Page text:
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Water reserve

Lac de Madine, a water storage facility supplying drinking water to the Syndicat des Eaux de la Région Messine (SERM).

Lac de Madine, a reservoir of around 35,000,000 m3, came into being in 1971, as part of an overall program, comprising several structures, to use the waters of the Rupt-de-Mad as the main resource for the drinking water supply of the city of Metz.

Lac de Madine makes it possible to manage the Rupt-de-Mad’s low-water regime by storing water during rainy periods and replenishing it during dry periods.

This storage is made possible by the creation of 2 dikes: the Marmont dike and the Chevaliers dike. In the latter, a technical structure, the flood skimmer, allows the overflow to escape when the lake reaches its maximum level corresponding to the altitude of 227.90 m above sea level.

Another structure, known as the restitution structure, feeds the Madine stream with more or less flow. This flows into the Rupt-de-Mad, which feeds the Arnaville reservoir.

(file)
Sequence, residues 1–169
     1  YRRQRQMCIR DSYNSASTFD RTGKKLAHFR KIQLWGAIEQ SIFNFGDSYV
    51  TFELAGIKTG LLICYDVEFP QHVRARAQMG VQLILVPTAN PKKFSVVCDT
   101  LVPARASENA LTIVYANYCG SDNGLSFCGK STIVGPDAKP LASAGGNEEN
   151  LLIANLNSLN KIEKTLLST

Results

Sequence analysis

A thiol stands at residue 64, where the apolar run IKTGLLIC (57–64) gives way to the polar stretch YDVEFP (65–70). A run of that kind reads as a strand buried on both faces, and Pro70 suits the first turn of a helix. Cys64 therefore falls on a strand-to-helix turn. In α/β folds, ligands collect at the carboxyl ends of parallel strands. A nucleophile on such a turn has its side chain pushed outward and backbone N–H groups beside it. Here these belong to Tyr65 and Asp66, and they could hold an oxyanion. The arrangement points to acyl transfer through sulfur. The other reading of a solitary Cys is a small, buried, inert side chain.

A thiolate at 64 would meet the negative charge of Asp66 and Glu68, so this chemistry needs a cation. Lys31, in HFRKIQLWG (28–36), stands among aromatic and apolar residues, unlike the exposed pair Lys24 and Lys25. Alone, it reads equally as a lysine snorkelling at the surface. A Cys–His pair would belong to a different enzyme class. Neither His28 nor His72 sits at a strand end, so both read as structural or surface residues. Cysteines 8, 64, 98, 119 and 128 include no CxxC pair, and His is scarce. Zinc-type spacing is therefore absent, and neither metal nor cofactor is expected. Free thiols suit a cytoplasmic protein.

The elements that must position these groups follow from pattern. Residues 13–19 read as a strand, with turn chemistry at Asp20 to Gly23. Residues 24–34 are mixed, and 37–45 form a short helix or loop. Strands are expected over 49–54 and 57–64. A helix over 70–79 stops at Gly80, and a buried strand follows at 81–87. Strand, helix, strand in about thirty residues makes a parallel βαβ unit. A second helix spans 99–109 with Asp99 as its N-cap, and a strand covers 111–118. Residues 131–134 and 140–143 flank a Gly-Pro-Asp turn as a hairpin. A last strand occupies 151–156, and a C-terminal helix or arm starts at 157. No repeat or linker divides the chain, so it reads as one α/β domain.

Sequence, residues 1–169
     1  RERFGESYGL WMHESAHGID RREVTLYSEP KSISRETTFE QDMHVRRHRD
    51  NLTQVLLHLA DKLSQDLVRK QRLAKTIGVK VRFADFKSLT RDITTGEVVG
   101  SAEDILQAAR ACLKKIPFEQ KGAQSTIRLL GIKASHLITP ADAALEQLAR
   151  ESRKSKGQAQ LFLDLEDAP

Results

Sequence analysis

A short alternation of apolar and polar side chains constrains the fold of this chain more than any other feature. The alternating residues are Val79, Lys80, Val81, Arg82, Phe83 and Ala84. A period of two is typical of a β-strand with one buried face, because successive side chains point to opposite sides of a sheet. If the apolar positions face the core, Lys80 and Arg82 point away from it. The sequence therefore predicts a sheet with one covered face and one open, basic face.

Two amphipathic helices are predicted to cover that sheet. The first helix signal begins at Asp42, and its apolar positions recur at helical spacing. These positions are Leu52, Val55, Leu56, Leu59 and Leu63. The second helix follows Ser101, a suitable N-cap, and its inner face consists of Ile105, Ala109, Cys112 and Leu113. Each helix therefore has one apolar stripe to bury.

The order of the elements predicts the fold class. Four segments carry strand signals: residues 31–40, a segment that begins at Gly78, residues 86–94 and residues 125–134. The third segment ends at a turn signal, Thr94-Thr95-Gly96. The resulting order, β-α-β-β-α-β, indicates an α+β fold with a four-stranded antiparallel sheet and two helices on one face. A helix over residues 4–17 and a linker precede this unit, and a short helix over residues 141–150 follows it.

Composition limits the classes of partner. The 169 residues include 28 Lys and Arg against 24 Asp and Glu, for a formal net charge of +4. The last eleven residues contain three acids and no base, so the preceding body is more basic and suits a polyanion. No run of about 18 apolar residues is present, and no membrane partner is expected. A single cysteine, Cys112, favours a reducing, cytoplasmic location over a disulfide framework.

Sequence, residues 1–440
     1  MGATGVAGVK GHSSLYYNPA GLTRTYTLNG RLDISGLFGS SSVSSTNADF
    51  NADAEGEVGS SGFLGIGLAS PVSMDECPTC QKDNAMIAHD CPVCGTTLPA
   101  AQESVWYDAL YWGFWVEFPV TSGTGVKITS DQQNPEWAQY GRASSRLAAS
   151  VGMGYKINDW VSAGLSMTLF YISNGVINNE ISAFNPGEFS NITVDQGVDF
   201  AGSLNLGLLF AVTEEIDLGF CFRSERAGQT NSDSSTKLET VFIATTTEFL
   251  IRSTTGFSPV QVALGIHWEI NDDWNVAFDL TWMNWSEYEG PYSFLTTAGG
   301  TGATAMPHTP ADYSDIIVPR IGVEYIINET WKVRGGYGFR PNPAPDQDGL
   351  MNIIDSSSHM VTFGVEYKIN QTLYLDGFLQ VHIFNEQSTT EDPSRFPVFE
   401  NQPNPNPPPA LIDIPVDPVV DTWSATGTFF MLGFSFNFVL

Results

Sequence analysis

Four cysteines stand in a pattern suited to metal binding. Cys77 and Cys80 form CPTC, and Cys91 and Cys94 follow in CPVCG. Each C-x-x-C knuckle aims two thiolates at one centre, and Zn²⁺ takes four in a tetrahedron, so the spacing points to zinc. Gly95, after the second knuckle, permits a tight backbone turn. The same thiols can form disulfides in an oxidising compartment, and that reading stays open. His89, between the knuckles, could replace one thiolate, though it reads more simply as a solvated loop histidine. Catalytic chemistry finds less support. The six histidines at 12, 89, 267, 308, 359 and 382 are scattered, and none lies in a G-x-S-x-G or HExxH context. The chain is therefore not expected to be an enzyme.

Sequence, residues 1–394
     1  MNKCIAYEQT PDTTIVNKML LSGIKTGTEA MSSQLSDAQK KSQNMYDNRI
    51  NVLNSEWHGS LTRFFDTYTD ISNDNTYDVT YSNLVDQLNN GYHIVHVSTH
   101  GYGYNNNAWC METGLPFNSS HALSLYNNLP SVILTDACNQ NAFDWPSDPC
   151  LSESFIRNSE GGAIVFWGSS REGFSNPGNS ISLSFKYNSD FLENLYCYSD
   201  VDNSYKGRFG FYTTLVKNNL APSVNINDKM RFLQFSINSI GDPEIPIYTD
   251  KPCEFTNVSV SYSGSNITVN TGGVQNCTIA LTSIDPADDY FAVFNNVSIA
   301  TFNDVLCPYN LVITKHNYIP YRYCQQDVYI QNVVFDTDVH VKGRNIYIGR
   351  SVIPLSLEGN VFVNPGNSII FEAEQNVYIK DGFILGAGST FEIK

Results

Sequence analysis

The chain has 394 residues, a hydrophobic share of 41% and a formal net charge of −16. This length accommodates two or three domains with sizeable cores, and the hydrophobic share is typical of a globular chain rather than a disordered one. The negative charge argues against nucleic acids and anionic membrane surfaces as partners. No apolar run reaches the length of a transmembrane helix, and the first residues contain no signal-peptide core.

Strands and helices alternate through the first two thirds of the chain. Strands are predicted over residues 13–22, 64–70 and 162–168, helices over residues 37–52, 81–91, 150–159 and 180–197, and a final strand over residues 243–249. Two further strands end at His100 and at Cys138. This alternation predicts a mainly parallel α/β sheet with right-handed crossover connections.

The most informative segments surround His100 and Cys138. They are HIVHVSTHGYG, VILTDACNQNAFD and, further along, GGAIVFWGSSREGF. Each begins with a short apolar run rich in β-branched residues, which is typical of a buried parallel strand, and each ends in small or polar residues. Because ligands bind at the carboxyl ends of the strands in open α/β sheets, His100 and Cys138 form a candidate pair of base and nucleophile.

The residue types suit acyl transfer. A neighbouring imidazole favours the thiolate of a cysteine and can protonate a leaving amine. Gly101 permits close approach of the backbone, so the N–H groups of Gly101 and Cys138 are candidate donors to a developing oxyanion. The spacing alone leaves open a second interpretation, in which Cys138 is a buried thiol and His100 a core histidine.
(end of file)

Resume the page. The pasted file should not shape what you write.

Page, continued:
The SERM has authorization to draw, each year, a volume of water of 10,000,000 m3 from Lac de Madine.

The barrage d’Arnaville provides storage for 335,000 m3. This corresponds to around one week’s consumption by SERM.

Located upstream of the confluence of the Rupt de Mad and Moselle rivers, this structure provides gravity flow in the raw water supply pipe and constitutes a fixed storage volume used for water pre-decantation.

 

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Finally, the water, conveyed via the adduction pipe, arrives at the water treatment plant at Moulins-lès-Metz. This plant includes all the hydraulic regulation, storage, as well as pre-ozonation, decantation, sand filtration and lamellar decantation, with powdered activated carbon, elements required to treat water drawn from the Arnaville reservoir. The plant also includes the installations for delivering treated water to storage reservoirs. Its production capacity is 90,000 m3 of water per day.

The Rupt-de-Mad now accounts for 60% of the SERM, which is responsible for the production and distribution of drinking water for much of the Greater Metz area, the Rives de Moselle community of communes and the Haut Chemin Pays de Pange community of communes, i.e. nearly 400,000 people (directly and indirectly) in an area extending as far as Uckange and Thionville.

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